I admit it, I was getting a little antsy toward the end there, Joyce, because I absolutely had to be at work early the next morning - the bankruptcy court had graciously decided to schedule 18 conciliations, starting at 9 a.m., which meant I had to get in early enough to check if anything had changed since I'd reviewed the files before leaving on vacation. At one point I was envisioning having to go straight to the office from the airport. Luckily, that wasn't necessary and I actually got some sleep. In fact, I got a lot of sleep. I got so good at sleeping on airplanes during the long trans-Atlantic flights that I'm still finding it difficult not to nod off whenever I sit down.

Ramona said...

I like Martha's helpful attitude. You certainly are intrepid, Gina. It sounds like the conference was worth the hassle.

I dislike the inconvenience of travel, but I dislike staying home more than that. Now that I'm older, I think I've mellowed. Once you travel by air with twin babies, one of whom hasn't had a boom-boom in a week and decides to let fly when you are airborne, your perspective changes drastically.

Annette said...

Gina, your trip sounds like an episode of The Amazing Race!

Patg said...

Needless to say, I love traveling, and I too feel the exhilaration of a foreign airport. All the bussle, bumping and talking to people, but I'm one of those people who's eyebrows go up in wonder when people say they hate crowds and big cities. I consider the year a bust if I haven't left the country at least once. Homebody, I Ain't!!
But I'm not much of a wander around on my own either--I have major expectations, and I don't leave it to myself to attain them.

Gina said...

Um, Patg, I'm one of those folks who hate crowds and big cities . . . That doesn't detract from the excitement of being in a new place, though. Really.

As a lawyer, I can't help noting my magic verification word. It's judgenha.

Dave S. said...

Gotta give you credit: Describing what you went through, you could easily have complained about the difficulties and obstacles that reared up at every turn. Instead, you viewed it as an adventure. A nice approach and a good life-lesson.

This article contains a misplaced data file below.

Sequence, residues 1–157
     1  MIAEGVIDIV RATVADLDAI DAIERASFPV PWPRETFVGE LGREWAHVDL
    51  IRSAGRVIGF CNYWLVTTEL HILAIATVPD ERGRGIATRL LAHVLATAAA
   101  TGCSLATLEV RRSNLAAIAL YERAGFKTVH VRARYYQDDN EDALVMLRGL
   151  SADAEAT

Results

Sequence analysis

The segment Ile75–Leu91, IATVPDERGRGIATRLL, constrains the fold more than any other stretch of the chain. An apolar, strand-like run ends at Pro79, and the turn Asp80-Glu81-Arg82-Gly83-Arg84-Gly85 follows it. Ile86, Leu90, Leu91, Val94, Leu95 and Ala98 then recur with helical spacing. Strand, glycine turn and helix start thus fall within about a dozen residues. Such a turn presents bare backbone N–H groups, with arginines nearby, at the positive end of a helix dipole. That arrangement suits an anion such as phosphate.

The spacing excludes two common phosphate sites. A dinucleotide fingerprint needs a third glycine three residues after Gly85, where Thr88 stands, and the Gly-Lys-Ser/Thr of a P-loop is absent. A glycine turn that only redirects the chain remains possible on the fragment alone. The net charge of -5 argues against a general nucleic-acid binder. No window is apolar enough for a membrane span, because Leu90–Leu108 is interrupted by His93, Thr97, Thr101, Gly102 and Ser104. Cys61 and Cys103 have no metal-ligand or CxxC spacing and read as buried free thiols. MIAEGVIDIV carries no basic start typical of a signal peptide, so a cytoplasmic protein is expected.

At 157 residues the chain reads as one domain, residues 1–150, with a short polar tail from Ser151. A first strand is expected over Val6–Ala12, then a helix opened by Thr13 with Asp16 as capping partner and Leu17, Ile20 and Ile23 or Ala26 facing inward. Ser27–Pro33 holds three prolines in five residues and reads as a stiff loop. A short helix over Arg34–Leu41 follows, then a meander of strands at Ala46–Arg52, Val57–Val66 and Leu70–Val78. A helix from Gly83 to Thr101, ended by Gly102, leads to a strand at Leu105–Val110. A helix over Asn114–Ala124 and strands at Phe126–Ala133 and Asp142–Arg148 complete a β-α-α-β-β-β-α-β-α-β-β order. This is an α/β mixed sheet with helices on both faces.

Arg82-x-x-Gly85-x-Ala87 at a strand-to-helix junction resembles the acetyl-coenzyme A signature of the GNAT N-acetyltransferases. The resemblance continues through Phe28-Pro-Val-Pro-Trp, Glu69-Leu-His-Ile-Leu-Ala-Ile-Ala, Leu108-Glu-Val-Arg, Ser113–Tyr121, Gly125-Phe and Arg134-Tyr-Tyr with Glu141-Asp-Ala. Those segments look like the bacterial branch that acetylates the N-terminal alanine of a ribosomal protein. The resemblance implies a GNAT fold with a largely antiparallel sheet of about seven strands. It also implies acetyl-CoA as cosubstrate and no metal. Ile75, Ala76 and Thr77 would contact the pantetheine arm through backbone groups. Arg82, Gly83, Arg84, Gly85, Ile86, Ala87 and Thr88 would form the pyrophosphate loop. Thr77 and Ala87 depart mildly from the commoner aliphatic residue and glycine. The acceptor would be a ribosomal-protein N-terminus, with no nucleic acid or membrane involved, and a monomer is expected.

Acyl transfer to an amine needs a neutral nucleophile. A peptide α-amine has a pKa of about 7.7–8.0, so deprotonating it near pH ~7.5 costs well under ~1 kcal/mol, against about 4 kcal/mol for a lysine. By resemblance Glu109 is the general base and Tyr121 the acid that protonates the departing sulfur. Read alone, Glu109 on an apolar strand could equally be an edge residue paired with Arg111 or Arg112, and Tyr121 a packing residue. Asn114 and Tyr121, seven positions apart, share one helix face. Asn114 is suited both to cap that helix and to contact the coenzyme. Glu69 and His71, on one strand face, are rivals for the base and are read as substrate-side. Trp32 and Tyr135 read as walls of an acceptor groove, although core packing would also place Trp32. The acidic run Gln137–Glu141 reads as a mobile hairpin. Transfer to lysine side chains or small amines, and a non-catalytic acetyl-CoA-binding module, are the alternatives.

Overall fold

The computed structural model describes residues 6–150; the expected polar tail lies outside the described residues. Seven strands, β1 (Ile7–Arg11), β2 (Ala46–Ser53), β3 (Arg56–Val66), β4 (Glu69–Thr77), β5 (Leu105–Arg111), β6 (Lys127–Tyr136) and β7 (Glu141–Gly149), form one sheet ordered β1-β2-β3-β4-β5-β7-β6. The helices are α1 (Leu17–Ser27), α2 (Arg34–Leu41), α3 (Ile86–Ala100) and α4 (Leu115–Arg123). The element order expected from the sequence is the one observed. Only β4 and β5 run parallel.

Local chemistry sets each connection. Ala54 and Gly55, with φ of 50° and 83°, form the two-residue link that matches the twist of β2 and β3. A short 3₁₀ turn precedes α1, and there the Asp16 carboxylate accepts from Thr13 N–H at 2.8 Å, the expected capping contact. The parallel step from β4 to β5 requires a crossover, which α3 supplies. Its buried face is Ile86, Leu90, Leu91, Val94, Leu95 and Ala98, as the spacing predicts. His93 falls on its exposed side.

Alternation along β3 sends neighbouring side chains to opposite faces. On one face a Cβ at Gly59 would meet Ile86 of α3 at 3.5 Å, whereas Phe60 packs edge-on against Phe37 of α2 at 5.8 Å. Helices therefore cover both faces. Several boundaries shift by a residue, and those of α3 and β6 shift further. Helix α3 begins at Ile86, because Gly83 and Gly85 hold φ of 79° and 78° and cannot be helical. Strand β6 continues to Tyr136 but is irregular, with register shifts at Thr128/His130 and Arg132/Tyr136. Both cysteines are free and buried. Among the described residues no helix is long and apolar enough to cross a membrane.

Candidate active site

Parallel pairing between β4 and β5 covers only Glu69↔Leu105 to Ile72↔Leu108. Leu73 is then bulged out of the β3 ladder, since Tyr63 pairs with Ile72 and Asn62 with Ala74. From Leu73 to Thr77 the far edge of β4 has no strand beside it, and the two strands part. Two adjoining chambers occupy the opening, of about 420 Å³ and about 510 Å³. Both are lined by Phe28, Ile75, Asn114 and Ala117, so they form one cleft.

Dave S.

Gina said...

Not to mention fodder for future writing projects . . .

djapollo2k said...

Great travel essay. I used to spend fifty percent of my work time traveling before 9/11. Lots of time in the air. Ran off the runway in Atlanta. Gear-up foam landing at Kennedy. Nearly violent confrontation with gate personnel in Denver. I come from a railroad family and, if at all possible, I go by train these days. Actually all in it takes about the same time to go to LA from SF by train as it does by plane. Comfort vs cattle-car ambiance. Dignified boarding vs invasive Gestapo groping.

Perhaps I'm spoiled. I remember airline travel before deregulation: excellent meals, service and spacious seating. One could run from the gate right into the plane.

Yes, there is the excitement of a new place and new faces. I loved wandering around a new city at night with no particular destination, even on a business trip. Adventure:) Glad you had a wonderful trip Gina.

Gina said...

I remember airlines before deregulation, too, Henry - except for the excellent meals. My recollection is of tasteless tv dinners, with little ability to meet dietary needs. [Remember, I am vegetarian.] It was nice, though, pre-9/11 when we could meet our friends right as they got off the plane. I guess that's what cell phones are for - communicating as best you can to figure out where to meet and pick them up.

Appropriately enough, my verification word is "baysend."
[For those of you still scratching your heads, this is appropriate because I'm responding (i.e., sending this response) to a comment from someone who lives near San Francisco Bay.]